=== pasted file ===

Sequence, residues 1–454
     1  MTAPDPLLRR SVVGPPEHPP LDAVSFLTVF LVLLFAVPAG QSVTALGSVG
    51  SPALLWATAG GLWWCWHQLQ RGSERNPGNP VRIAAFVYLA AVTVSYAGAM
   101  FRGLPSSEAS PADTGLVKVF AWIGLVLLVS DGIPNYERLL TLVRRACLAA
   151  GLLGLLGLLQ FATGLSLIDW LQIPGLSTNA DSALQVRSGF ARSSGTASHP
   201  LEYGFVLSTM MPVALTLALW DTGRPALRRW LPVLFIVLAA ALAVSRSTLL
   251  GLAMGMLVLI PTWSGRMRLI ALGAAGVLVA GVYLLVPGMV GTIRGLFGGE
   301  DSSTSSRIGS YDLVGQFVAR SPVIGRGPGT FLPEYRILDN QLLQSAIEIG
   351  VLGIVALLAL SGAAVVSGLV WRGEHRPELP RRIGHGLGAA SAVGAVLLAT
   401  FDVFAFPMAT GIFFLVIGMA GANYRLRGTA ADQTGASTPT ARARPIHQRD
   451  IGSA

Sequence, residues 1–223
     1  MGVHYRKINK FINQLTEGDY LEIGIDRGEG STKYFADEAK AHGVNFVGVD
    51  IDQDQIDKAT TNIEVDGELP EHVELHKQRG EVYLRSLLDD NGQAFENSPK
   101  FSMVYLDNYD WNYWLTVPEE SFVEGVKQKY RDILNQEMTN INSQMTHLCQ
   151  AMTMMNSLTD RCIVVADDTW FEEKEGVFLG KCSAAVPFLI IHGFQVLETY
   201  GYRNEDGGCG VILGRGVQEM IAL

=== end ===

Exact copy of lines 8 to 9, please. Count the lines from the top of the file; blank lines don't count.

   301  DSSTSSRIGS YDLVGQFVAR SPVIGRGPGT FLPEYRILDN QLLQSAIEIG
   351  VLGIVALLAL SGAAVVSGLV WRGEHRPELP RRIGHGLGAA SAVGAVLLAT